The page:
By Roger Ebert | December 19, 1977
Sylvester Stallone sits on a hotel sofa with his feet up on the coffee table. He wears expensive blue jeans, the kind you buy in Beverly Hills. His muscles bulge beneath a T-shirt that says, simply and inexplicably, “Valentine.” He has a tough, sensual face, a mane of black hair and the best hooded eyes since Robert Mitchum. Two years ago, he observes, his acting career was “intellectually, emotionally and financially defunct.” Now he talks about how it’s going to feel to be a star.
He’s a star because of Rocky, the screenplay he peddled to Hollywood studios while living in a one-room apartment on next to nothing a week. He was offered big money if he’d sell the story and let someone else star in it – but, no, he thought he ought to be the star himself. He held out long enough and United Artists finally let him do it, and the movie’s one of the year’s surprise hits.
Stallone is not surprised.
“The people like it who let their emotions be their guide,” he says. “Of course, if you go in intellectually, you hate it. But if you let yourself go with it, something happens about 40 minutes into the movie. You say to yourself, hey, this isn’t going to be the colossal downer of all time. You find out Rocky’s not just a fighter on the way down, he’s a pliable, vulnerable person. And the movie isn’t just about fighting it’s about heart and love. And then you throw yourself into it emotionally. Maybe that’s why I made it about boxing. Everybody knows what it’s like to punch, and be punched, and everybody knows what it’s like to fall in love.”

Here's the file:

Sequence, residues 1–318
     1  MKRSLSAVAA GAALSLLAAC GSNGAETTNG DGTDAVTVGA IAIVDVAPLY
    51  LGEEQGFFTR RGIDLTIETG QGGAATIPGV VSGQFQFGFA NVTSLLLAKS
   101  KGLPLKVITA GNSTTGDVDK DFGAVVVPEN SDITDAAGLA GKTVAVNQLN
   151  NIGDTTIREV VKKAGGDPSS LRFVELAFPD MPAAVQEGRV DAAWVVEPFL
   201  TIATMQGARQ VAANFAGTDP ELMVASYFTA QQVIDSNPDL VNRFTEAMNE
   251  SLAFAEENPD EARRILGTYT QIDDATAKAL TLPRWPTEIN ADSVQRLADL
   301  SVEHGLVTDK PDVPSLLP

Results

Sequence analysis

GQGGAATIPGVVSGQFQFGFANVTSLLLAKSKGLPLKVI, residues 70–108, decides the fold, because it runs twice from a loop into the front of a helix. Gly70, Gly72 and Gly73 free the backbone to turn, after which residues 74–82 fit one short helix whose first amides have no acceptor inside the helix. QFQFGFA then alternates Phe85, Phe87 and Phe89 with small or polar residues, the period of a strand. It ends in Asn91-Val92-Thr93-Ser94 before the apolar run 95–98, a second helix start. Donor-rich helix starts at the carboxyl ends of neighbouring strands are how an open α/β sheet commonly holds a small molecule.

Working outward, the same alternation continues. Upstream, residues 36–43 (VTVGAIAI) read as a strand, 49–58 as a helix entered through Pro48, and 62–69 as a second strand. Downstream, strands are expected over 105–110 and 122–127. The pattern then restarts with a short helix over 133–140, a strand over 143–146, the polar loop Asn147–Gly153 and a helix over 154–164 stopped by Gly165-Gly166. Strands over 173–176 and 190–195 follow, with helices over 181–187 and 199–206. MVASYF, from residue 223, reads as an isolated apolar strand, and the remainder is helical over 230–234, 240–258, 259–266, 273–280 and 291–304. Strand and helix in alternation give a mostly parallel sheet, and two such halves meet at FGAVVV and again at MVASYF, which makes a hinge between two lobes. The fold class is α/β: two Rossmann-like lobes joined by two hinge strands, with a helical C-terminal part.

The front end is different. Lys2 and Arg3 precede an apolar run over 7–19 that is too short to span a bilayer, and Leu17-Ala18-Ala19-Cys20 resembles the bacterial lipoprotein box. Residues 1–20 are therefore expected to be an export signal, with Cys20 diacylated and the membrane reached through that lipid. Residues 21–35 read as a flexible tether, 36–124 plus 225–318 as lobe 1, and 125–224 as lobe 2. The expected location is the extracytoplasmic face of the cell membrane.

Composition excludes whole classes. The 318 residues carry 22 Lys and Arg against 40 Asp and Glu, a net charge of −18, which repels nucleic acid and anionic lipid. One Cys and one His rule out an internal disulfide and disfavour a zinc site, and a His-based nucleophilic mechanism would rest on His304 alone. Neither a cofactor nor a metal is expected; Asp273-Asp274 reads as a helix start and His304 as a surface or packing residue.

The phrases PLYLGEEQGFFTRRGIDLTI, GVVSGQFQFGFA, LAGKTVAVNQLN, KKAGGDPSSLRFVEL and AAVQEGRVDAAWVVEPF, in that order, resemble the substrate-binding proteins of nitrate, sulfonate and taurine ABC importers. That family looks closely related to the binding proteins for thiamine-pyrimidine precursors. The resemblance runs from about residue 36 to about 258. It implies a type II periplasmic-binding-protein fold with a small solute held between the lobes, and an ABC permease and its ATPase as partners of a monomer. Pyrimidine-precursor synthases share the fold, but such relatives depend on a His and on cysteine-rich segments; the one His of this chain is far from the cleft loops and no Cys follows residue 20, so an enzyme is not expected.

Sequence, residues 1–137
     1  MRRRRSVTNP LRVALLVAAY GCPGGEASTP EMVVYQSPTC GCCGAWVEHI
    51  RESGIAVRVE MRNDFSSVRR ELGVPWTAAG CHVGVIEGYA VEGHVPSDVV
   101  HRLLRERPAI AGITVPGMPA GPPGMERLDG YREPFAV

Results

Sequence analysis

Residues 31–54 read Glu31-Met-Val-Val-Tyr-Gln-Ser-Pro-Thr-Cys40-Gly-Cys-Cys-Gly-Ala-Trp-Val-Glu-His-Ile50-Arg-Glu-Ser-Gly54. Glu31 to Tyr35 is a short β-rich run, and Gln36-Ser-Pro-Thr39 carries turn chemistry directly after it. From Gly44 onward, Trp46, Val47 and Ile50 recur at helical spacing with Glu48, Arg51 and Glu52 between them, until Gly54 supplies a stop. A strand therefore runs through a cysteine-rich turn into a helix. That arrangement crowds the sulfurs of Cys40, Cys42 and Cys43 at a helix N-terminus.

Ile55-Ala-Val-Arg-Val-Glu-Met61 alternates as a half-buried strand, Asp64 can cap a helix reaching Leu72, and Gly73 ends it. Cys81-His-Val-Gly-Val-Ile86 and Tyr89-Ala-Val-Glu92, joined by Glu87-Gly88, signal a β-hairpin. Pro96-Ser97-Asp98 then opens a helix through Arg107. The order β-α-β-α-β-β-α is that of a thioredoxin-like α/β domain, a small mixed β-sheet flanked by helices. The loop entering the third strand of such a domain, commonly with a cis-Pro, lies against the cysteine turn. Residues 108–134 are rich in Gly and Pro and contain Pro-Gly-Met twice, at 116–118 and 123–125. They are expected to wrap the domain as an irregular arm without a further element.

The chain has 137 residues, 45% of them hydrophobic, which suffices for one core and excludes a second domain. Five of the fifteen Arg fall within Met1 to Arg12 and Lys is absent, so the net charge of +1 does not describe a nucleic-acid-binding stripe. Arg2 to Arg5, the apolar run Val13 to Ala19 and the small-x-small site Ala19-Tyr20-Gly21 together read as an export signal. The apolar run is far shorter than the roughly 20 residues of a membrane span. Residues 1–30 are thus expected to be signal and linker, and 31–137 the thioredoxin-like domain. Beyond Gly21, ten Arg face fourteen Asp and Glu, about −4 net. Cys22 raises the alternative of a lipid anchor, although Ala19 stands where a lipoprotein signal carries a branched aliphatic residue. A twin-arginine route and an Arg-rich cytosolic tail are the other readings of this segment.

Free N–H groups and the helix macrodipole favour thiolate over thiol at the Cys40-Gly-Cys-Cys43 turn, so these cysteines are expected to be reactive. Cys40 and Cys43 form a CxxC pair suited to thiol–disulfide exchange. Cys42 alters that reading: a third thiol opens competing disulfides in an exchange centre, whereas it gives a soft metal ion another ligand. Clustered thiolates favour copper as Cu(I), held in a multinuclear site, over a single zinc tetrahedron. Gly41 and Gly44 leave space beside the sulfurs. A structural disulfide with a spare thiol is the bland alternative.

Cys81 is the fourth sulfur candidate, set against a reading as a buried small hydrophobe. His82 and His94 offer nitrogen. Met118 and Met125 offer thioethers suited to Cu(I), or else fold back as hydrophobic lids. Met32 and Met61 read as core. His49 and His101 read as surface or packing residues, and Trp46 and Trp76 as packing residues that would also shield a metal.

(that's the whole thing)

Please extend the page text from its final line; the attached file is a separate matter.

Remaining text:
Rocky is about a mob enforcer and punk prizefighter from Philadelphia who gets a lucky crack at the heavyweight title and knows it may be his one shot at amounting to something in life. The story could be Stallone’s. After years of getting nowhere as an actor in New York, he went to Hollywood and got nowhere
there. He had roles in Capone and Death Race 2000, and a nice scene in Lords of Flatbush where he was buying his girl a wedding ring. But things were not exactly snowballing for him when Rocky came through. “When we finally knew that Rocky was going to be made and I was going to play Rocky, I knew this wasn’t only my shot, this was my life. Everything had to be perfect. I was hard on the crew when we were shooting – they thought I was a miserable bastard – but I had to give the movie my best shot. After the movie was over, if it was a flop, they could go back to Baretta. For me, it would be a one-way ticket back to Palookaville.”
The movie has been compared with a lot of other Hollywood boxing films, and it does have the same basic plot: Tough street kid gets a crack at the title and wins the girl (Talia Shire). But Stallone sees a lot of differences.